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Symantec recommends WinXP customers upgrade their OS

After April 8, Microsoft will no longer release updates designed to fix bugs that cybercriminals use to gain access to the operating system (OS). Any newly discovered vulnerabilities in the operating system will effectively become an open invitation to an attacker to gain control of a computer running Windows XP. Symantec strongly recommends that Windows XP customers upgrade to a current OS as soon as possible, but will continue to support Windows XP SP3 systems for the foreseeable future.

SavvyMediaGal recently posted a Norton Protection Blog entry titled, “How will the end of Microsoft XP impact you?” This is a great post describing Symantec’s perspective that while we will continue to protect XP systems for the foreseeable future, “...even the best security products and Microsoft's own Malicious Software Removal Tool can’t fully protect an outdated operating system.”

In this post, I want to follow up with some additional thoughts and related information to help you decide how to handle Microsoft’s announcement that Windows XP will reach “End of Support” on April 8, 2014.

What does “End of Support” even mean for users on a Windows XP operating system? In order to answer this question we need to start with Microsoft’s official announcement in its own description of “End of Support.” In this statement, Microsoft explains:

“Windows XP will no longer receive software updates from Windows Update. These include security updates that can help protect your PC from harmful viruses, spyware, and other malicious software, which can steal your personal information. Windows Update also installs the latest software updates to improve the reliability of Windows—new drivers for your hardware and more.”

The updates Microsoft describes are designed to fix bugs that cybercriminals can use to gain access to the operating system. Such bugs are known as vulnerabilities and they allow an attacker to inject code into a user’s machine to take over its operation.  Code injected in such a manner is known as an exploit.  

Historically, Microsoft has released monthly bug fixes for discovered vulnerabilities (on Patch Tuesday). Once support for Windows XP ends, Microsoft will no longer release any more bug fixes. And this is where the problem lies. We all hope the most serious bugs in Windows XP have already been discovered, especially those that make the software vulnerable to attack. However, as with any complex software system (including Windows XP), the likelihood that new bugs are no longer discovered is very remote.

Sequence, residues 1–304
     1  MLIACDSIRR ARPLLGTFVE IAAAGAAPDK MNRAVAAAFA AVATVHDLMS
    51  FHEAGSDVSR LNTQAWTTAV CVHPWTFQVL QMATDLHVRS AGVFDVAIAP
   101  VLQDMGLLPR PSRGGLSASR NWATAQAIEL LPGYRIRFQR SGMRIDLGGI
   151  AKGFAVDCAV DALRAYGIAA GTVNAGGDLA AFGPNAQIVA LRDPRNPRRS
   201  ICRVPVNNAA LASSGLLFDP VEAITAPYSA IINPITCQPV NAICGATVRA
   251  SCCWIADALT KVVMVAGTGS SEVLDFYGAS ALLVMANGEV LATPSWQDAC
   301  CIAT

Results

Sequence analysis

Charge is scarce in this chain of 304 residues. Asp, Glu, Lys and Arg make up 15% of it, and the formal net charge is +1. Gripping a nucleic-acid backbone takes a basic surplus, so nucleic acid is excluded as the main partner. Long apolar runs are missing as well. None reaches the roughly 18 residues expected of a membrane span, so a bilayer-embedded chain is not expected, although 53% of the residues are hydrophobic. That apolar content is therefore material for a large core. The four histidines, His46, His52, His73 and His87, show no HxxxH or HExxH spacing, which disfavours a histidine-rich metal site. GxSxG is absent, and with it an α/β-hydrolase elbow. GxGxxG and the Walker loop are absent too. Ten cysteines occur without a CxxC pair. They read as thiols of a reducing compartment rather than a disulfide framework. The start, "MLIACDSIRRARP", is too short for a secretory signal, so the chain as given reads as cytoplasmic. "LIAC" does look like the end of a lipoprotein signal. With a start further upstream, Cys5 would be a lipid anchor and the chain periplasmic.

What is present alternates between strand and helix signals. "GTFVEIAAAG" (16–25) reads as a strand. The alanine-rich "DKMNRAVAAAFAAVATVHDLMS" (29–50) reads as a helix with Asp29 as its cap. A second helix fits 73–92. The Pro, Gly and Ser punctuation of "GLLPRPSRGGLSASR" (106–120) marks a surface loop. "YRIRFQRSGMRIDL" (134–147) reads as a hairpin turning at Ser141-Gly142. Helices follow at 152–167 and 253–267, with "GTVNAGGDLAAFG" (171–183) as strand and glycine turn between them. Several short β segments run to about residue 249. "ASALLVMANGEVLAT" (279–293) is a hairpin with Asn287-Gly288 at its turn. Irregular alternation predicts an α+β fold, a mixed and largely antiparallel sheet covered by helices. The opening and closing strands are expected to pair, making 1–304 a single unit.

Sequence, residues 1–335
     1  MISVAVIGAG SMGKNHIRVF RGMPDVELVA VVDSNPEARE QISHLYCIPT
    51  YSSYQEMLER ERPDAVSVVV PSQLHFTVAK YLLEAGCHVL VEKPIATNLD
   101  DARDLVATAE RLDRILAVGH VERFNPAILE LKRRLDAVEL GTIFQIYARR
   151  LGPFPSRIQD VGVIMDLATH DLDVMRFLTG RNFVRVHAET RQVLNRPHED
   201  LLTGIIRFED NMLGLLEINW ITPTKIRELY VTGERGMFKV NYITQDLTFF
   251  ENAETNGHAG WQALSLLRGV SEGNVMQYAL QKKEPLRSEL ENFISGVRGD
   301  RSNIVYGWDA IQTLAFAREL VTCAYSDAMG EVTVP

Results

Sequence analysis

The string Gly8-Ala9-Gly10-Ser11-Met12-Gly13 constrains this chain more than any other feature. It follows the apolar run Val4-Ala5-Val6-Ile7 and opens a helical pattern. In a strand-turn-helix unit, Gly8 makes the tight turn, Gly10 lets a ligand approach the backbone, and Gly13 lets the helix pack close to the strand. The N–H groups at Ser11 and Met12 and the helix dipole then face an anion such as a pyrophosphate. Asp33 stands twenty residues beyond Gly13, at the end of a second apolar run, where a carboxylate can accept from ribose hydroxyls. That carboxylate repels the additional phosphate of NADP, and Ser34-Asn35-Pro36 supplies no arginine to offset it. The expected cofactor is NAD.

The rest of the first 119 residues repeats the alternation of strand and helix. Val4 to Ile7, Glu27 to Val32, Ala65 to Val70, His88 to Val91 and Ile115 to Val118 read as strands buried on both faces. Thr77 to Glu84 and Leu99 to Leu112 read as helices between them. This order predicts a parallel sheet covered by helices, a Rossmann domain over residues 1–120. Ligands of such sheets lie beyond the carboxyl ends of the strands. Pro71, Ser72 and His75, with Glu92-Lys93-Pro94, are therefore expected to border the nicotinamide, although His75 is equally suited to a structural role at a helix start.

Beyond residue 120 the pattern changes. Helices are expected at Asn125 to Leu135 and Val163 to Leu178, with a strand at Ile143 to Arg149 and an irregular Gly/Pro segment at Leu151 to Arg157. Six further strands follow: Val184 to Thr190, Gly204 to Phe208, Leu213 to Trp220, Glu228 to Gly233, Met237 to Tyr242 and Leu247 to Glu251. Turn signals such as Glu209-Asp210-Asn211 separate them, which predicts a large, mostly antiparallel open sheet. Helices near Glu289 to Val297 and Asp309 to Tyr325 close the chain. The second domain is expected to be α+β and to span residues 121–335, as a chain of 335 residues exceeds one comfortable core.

As a result after April 8, any newly discovered vulnerabilities in the operating system will effectively become an open invitation to an attacker to gain control of a computer running Windows XP.

 

You might be asking, “Can’t my security software protect me from exploits taking advantage of new vulnerabilities in Windows XP?” While many security products can help to detect exploits and block attacks from taking place, the best defense is patching the vulnerability. This closes off the hole that allows the remote code execution and prevents new exploits.

Because of this, Symantec strongly recommends that Windows XP customers upgrade to a supported OS as soon as possible.

We realize some Windows XP users may not be able to upgrade before Microsoft’s deadline, and as a result, Symantec's Norton-branded products will continue to support Windows XP systems for the foreseeable future. Current supported versions include:

  • Norton Antivirus (NAV 21.x)
  • Norton Internet Security (NIS 21.x)
  • Norton (N360 21.x)
  • Versions of the above products included in multi-OS products such as Norton One and Norton 360 Multi-Device.  

For customers using older versions of Norton-branded products, Symantec’s policy is as follows: We will provide virus definition updates for three years after release of each major product version. Customers still receiving virus definition updates for earlier versions of their product will continue to receive definition sets that are compatible across all Windows platforms supported by their product. However, customers requiring support for an earlier version of their product may be required to update to the latest version of the product during the support process.